— Safer Internet Day (@safeinternetday) November 14, 2013
I was recently invited to a meeting outlining the plans for celebrating Safer Internet Day 2014 by Simon Grehan from Webwise.
Webwise is the Safer Internet Ireland Awareness Centre and the official Department of Education and Skills website promoting online safety. Safer Internet Day is a European initiative and I must say I liked their recognition of the reality that young people mainly access the web through mobile devices, using the tagline “Net children go mobile“.
This reality has yet to sink-in, in most schools where dealing with the safer-internet means presenting an anti-cyber bullying campaign rather than a positive pro-social media approach. Many children have a smart-device near at hand – the immediacy if this must be normalised within the process of teaching, learning and play as a tool for research, creation and communication rather than a device that necessarily leads to meanness.
There were many industry partners at the meeting. Two of the companies spoke engagingly
- Trend Micro and their Whats your story competition, as a student-advocacy approach to engaging young people in positive content-creation regarding an anti-bullying message
- representatives from McAfee in Cork who outlined their school-visits as part of a workplace initiative. McAfee’s goal is to reach “…More Than 10,000 Youth, Parents and Teachers in Ireland in 2014”.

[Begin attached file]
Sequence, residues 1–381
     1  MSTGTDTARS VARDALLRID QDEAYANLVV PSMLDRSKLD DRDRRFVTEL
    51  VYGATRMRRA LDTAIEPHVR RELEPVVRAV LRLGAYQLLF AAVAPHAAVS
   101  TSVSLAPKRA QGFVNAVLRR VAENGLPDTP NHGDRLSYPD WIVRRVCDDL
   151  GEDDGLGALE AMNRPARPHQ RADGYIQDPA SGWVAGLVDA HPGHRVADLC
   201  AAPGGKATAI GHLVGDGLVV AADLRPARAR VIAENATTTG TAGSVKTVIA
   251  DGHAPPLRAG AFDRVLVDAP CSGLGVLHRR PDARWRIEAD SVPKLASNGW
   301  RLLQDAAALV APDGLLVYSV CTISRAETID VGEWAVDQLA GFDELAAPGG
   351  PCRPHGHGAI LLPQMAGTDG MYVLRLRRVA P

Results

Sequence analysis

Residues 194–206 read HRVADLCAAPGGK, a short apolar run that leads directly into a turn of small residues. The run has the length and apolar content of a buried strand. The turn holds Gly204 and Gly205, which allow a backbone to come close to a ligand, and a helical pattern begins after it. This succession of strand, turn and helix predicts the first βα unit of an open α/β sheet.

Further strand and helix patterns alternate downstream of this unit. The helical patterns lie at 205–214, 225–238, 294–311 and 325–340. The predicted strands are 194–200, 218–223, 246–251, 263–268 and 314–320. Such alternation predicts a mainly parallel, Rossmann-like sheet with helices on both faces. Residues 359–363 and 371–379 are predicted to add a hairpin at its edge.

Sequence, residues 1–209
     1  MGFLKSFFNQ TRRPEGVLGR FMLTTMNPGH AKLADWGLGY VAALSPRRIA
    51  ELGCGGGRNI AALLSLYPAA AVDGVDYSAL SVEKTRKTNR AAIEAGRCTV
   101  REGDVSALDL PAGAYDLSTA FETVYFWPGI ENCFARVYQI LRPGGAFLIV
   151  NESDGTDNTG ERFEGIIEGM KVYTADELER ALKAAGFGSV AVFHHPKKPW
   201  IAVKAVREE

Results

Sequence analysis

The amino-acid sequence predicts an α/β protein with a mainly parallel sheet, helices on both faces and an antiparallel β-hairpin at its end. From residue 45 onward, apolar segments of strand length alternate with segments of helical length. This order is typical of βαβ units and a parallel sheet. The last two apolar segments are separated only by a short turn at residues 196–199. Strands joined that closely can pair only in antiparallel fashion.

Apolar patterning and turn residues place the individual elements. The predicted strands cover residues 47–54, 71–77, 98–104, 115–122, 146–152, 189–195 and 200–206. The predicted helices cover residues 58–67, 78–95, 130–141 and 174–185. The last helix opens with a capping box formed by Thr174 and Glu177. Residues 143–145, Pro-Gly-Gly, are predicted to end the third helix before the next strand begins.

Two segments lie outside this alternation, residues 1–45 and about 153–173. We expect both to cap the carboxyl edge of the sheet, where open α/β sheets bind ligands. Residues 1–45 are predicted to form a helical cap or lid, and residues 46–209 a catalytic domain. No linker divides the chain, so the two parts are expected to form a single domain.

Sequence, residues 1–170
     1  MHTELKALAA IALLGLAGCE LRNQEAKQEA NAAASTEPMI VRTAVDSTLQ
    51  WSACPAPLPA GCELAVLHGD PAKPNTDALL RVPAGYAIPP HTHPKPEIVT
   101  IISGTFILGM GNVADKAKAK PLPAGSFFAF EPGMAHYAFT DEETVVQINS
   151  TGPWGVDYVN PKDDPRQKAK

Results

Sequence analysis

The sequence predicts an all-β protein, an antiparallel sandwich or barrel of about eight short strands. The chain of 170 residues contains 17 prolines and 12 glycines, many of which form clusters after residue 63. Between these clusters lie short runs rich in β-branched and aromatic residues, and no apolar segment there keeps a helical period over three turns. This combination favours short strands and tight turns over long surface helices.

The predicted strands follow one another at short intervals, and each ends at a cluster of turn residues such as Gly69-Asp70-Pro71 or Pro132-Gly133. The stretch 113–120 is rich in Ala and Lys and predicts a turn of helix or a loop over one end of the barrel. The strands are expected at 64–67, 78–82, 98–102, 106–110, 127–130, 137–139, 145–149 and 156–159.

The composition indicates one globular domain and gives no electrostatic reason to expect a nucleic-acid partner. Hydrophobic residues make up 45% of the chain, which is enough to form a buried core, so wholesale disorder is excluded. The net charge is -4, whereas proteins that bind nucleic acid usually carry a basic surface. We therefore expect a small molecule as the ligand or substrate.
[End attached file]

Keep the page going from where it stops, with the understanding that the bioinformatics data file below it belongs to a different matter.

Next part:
There were many others at the meeting with lots of online and paper based ideas and publications for a safer internet but it struck me that there was a lot ad hoc thinking within companies rather than a joined up approach.
I am am not sure it is an efficient use of all these companies obviously genuine human capital doing the same thing slightly differently. Perhaps there is scope for an IT industry driven set of norms that would cross companies, so that a common positive message is given to parents and children in homes, schools and through the various youth services.
From an education point of view it was good to see so many agencies willing to support initiatives in schools and it is timely given the new (2013) Anti-Bullying Procedures for Primary and Post-Primary Schools.
It was also good to hear some leading-edge psychologists from the Royal College of Surgeons, CyberPsychology Research Centre, laying it on the line as to what they believe the up-to-the-minute issues are, the ethics around dealing with them, the supports that must be in place and the merits or otherwise of a student-advocacy type approach to anti-cyber-bullying.
Personally I believe that schools that normalise social-media in small effective ways in as many classes as possible will significantly develop a positive use of the online space. It was good to hear that Safer Internet Day 2014 in Ireland will adopt some of these positive approaches – looking forward to those interactive posters!